Words are a carrier of our thoughts; they elucidate our emotions, pain, joy, frustrations, ideas & play through meaningful sounds. When we hear words, images pop in our minds; words take us to faraway places and make us laugh. They evoke memories and instantly bring up deeply buried scars. A single word has the capacity to make our day, decide our mood and steer our course of action.
Words are so much more than just sounds.
Yet, how often do we pay attention to the words we use?
When a child is born, it is only a matter of time before we start to describe them, box them – “He is so naughty. Look at him reaching for the ball”, “Don’t pick her up, she is manipulating you”, “She is such a picky-eater, just like Tina” , “Mine is such a brat, what about yours?”
While many of us catch ourselves using such words, those seemingly harmless & casual remarks, how many of us pause to think about these words we use?
Why do our words matter?
- Words decide the way we approach our children
Let us assume we have named a child a fussy-eater. “Tara has always been such a fussy eater!” When we pin this on Tara, our attitudes and approach towards her changes drastically. We now view her AS a fussy-eater. We tell ourselves “Okay, my child IS a fussy eater.” We acknowledge this in our minds and every time we approach this child, we are going to approach A fussy eater.
So, how would we approach & handle this child? Would we be patient, empathetic and respectful or would we be impatient, irritable and stern?
Our brains are shaped by the words we hear, the words we speak, by our mental chatter. So, if we tell ourselves, “Tara is a fussy-eater”, we will not just approach her with less empathy and patience, we will also be unconsciously looking for ways to confirm that thought, that belief that Tara is a fussy eater.
- Words become their inner-voice
Children carry our voices with them throughout their lives. Overcoming these voices in adulthood takes conscious acknowledgement & effort.
Let us take an example, in Southern India, being fair-complexioned is considered essential for women. If, however, you do not fit this box, many women are commented on for their ‘lack of colour’, their ‘dull appearance’ and the likes. Or, they are given suggestions : “Why don’t you apply this new fairness cream? , “Have you tried using olive oil and turmeric?” As a girl who grew up in this society, everytime I bask in the sun, I pause for a moment and wonder what would happen if I lost my complexion because a dear one repeatedly told me that being fair IS essential. Like this, don’t we all have our own insecurities about ourselves fed by the people who surrounded us in early childhood?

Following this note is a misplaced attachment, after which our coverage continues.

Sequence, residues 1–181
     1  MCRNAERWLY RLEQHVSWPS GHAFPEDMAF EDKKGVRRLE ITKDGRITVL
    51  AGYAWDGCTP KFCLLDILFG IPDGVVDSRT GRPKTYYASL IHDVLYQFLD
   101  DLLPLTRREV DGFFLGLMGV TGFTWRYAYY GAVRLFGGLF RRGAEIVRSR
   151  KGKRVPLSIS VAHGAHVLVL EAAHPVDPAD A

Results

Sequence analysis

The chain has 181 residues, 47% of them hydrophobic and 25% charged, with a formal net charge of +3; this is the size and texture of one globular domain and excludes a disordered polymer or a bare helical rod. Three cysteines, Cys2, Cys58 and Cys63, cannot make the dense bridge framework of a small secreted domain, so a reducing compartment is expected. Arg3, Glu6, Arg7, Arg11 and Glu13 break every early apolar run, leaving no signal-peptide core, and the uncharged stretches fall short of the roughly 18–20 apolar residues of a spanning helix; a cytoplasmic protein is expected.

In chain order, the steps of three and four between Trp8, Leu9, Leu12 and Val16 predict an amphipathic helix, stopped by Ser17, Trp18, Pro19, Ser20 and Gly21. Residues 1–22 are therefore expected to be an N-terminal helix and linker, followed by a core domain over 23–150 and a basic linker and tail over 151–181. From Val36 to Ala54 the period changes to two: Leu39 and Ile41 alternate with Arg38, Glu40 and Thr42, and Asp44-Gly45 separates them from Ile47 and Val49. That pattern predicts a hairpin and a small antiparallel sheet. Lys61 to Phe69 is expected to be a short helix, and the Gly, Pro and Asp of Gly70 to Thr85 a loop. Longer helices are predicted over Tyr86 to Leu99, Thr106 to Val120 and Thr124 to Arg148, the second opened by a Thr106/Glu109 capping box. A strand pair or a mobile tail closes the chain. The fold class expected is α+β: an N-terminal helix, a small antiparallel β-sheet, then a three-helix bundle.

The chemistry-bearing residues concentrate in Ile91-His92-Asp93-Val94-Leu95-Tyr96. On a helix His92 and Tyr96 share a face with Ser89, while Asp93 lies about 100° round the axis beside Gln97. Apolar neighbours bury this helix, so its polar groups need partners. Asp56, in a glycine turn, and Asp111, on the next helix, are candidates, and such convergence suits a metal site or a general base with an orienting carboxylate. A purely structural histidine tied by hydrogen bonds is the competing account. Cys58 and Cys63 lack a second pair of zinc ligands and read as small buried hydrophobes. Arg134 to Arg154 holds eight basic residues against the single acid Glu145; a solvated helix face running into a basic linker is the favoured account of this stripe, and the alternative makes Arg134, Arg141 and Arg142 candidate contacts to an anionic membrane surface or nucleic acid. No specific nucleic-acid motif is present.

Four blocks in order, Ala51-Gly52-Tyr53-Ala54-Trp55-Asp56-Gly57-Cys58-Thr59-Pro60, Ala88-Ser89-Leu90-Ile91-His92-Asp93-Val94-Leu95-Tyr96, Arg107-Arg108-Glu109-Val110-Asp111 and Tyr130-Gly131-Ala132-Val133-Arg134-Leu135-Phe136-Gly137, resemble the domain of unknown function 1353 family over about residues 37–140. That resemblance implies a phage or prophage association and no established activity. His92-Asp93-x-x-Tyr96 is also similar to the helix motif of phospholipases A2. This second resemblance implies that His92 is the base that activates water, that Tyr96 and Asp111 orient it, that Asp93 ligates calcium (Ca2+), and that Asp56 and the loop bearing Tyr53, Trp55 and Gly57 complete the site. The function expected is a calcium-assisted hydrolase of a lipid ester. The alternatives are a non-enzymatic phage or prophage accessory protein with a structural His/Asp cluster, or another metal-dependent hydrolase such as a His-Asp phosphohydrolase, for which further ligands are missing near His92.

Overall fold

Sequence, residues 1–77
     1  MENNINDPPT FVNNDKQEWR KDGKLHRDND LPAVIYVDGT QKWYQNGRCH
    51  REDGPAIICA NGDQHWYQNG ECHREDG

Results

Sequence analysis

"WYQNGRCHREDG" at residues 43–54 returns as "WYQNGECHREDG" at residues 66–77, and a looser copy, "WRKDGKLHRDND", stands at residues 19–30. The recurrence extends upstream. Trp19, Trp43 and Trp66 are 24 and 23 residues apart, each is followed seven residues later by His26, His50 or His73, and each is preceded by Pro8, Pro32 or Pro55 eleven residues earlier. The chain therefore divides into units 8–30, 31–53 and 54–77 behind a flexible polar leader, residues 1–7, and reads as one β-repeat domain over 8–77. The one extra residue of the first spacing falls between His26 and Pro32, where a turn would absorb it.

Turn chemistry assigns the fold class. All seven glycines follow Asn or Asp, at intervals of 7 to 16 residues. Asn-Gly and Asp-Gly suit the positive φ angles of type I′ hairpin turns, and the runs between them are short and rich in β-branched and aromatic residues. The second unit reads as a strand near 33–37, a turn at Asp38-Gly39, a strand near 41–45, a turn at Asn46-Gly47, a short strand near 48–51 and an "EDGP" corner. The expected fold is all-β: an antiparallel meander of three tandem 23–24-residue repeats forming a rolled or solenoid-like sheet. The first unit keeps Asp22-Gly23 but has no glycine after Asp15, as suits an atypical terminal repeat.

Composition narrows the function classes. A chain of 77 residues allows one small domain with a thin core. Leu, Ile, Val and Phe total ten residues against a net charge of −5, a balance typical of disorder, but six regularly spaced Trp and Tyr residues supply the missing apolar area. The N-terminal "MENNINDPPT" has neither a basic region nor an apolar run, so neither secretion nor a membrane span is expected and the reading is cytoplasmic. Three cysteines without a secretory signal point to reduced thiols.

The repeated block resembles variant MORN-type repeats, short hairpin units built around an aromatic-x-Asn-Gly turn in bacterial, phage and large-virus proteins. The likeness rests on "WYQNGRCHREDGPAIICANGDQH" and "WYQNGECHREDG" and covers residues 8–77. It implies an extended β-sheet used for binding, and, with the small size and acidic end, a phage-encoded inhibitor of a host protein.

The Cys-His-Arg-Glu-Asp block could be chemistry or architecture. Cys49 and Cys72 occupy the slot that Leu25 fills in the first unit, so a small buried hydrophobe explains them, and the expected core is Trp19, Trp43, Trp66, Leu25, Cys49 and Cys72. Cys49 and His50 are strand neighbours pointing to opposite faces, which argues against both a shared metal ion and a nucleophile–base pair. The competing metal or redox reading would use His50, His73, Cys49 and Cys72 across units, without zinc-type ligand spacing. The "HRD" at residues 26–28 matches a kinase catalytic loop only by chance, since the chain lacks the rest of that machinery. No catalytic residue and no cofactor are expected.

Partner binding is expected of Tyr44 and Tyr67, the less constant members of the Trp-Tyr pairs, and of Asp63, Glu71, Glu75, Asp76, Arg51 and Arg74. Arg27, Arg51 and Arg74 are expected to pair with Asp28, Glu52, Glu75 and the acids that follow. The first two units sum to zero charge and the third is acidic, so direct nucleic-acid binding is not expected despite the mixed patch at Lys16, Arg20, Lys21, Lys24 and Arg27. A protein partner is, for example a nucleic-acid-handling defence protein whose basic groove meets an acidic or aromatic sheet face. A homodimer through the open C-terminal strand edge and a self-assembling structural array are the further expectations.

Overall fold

The words we use become the voice for children and as significant members in their lives, it becomes increasingly hard to ignore the voices that nurture them in early childhood.
- Words put children in a box
Being in a box can be very limiting because all humans change and grow throughout their lives. When we have called a child terrible at math, they believe this to be true and every time they make an honest attempt at trying to understand math, our words will hold them back! Even labelling a child ‘perfect’ and ‘amazing at everything’ is counterproductive. This is because, we now put this child on a pedestal from which they cannot fall. Very often, such children find it hard to live up to these expectations; they find it easier to hide parts of them rather than disappoint loved ones.
- Words become their identity
When we attach labels to our children, these become their identity. This is hard for young children who find it difficult to understand that we love them regardless of these identities.
As Veer grows, he will believe these to be true and his behaviour will begin to support these labels. These will become his identity! Now, some of these labels might hold him back from exploring what else he can do; they can also hold him back from being open to experiences because of the fear of losing his identity!